Ethology

 

Ethology is a rapidly growing field. Since the dawn of the 21st century, many aspects of animal communication, emotions, culture, learning and sexuality that the scientific community long thought it understood have been re-examined, and new conclusions reached. New fields, such as neuroethology, have developed.
Understanding ethology or animal behaviour can be important in animal training. Considering the natural behaviours of different species or breeds enables the trainer to select the individuals best suited to perform the required task. It also enables the trainer to encourage the performance of naturally occurring behaviours and also the discontinuance of undesirable behaviours.
Other early ethologists, such as Charles O. Whitman, Oskar Heinroth, Wallace Craig and Julian Huxley, instead concentrated on behaviours that can be called instinctive, or natural, in that they occur in all members of a species under specified circumstances. Their beginning for studying the behaviour of a new species was to construct an ethogram (a description of the main types of behaviour with their frequencies of occurrence).This provided an objective, cumulative database of behaviour, which subsequent researchers could check and supplement.
Ethology is now a well-recognized scientific discipline, and has a number of journals covering developments in the subject, such as Animal Behaviour, Animal Welfare, Applied Animal Behaviour Science, Animal Cognition, Behaviour, Behavioral Ecology and Journal of Ethology. In 1972, the International Society for Human Ethology was founded to promote exchange of knowledge and opinions concerning human behaviour gained by applying ethological principles and methods and published their journal, The Human Ethology Bulletin. In 2008, in a paper published in the journal Behaviour, ethologist Peter Verbeek introduced the term "Peace Ethology" as a sub-discipline of Human Ethology that is concerned with issues of human conflict, conflict resolution, reconciliation, war, peacemaking, and peacekeeping behaviour.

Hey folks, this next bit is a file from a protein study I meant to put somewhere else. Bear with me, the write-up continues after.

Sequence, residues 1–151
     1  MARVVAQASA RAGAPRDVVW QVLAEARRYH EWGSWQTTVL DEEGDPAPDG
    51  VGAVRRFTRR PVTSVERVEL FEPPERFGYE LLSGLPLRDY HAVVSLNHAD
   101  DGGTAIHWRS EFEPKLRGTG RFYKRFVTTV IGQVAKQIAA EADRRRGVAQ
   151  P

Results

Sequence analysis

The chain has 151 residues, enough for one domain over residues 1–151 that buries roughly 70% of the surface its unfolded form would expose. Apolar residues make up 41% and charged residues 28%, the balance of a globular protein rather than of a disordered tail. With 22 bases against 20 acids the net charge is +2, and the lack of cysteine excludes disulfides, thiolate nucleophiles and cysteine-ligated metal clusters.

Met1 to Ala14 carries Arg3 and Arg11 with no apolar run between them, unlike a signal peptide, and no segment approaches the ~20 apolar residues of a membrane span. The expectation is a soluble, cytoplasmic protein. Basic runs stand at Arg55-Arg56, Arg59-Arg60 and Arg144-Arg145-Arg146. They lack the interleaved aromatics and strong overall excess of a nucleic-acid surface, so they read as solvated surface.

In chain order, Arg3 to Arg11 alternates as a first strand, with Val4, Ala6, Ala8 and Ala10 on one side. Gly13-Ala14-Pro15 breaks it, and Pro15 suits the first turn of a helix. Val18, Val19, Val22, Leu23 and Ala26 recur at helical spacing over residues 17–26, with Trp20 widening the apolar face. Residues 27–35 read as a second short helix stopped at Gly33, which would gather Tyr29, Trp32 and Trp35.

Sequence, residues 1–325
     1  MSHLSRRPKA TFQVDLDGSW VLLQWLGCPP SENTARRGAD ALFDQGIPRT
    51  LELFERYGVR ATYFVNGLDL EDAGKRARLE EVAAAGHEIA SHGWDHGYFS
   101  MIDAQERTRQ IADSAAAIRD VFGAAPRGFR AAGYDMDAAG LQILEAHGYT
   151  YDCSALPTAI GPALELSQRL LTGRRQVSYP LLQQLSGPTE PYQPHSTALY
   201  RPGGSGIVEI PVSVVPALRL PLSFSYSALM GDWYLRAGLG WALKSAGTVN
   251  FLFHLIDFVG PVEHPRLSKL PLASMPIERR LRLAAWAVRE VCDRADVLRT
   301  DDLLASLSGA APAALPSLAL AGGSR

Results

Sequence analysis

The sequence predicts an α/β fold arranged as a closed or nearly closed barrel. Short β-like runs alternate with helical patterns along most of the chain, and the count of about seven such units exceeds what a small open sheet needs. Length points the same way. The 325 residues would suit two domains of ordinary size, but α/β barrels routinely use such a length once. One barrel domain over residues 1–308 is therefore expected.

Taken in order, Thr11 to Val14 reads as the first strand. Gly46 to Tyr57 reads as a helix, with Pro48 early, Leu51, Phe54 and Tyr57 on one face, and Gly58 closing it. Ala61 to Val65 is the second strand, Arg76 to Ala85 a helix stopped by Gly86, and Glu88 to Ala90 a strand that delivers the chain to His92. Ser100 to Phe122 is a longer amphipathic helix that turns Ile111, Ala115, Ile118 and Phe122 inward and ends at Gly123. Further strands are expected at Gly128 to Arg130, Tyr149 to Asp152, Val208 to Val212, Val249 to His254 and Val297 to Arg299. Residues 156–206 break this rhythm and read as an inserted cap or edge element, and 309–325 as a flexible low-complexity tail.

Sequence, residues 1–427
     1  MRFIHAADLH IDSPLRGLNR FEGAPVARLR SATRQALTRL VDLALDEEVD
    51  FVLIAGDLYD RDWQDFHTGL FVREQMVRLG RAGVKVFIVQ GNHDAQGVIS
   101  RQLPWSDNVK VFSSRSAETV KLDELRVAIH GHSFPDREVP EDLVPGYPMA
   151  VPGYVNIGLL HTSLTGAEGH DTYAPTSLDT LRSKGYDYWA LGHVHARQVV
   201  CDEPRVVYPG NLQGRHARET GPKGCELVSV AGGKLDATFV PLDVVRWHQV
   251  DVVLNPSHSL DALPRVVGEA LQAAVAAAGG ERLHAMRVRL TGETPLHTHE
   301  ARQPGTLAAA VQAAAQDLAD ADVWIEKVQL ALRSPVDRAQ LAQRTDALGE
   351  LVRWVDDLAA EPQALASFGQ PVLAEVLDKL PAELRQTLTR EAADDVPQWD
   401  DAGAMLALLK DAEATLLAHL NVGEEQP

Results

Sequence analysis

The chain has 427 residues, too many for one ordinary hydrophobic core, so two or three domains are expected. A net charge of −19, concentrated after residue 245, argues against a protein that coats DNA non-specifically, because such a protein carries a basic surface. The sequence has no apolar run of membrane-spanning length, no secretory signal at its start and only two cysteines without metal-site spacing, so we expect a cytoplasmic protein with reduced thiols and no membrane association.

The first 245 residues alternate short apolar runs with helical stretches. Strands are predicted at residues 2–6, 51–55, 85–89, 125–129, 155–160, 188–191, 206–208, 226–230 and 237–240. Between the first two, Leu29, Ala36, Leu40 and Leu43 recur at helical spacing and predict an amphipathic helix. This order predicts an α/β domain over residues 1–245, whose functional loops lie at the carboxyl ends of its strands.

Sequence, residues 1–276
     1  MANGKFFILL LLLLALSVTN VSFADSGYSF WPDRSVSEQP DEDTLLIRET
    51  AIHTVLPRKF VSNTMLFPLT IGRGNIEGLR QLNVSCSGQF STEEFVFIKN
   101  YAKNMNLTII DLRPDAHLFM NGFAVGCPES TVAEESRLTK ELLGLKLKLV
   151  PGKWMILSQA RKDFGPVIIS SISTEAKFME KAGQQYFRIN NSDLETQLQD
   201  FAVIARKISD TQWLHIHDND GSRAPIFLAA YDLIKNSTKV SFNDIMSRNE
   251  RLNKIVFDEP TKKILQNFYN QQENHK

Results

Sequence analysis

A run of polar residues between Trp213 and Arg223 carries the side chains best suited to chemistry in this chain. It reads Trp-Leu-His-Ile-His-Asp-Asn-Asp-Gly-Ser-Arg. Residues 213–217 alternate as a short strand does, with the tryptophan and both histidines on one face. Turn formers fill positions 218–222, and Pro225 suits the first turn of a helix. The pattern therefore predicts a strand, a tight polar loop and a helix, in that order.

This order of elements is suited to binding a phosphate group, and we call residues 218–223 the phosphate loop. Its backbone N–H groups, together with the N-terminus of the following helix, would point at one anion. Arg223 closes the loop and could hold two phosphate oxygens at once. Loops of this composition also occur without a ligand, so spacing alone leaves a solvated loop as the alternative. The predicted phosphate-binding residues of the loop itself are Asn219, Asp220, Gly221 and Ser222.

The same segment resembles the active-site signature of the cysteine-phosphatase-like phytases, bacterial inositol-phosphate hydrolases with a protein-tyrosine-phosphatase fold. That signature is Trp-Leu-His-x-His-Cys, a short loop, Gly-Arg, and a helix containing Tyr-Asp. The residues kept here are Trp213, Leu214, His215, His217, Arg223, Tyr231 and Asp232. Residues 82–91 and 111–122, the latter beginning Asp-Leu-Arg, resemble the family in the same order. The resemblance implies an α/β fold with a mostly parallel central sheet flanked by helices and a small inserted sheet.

The two approaches are complementary rather than competitive, but they do result in different perspectives, and occasionally conflicts of opinion about matters of substance. In addition, for most of the twentieth century, comparative psychology developed most strongly in North America, while ethology was stronger in Europe. From a practical standpoint, early comparative psychologists concentrated on gaining extensive knowledge of the behaviour of very few species. Ethologists were more interested in understanding behaviour across a wide range of species to facilitate principled comparisons across taxonomic groups. Ethologists have made much more use of such cross-species comparisons than comparative psychologists have.
An important development, associated with the name of Konrad Lorenz though probably due more to his teacher, Oskar Heinroth, was the identification of fixed action patterns. Lorenz popularized these as instinctive responses that would occur reliably in the presence of identifiable stimuli called sign stimuli or "releasing stimuli". Fixed action patterns are now considered to be instinctive behavioural sequences that are relatively invariant within the species and that almost inevitably run to completion.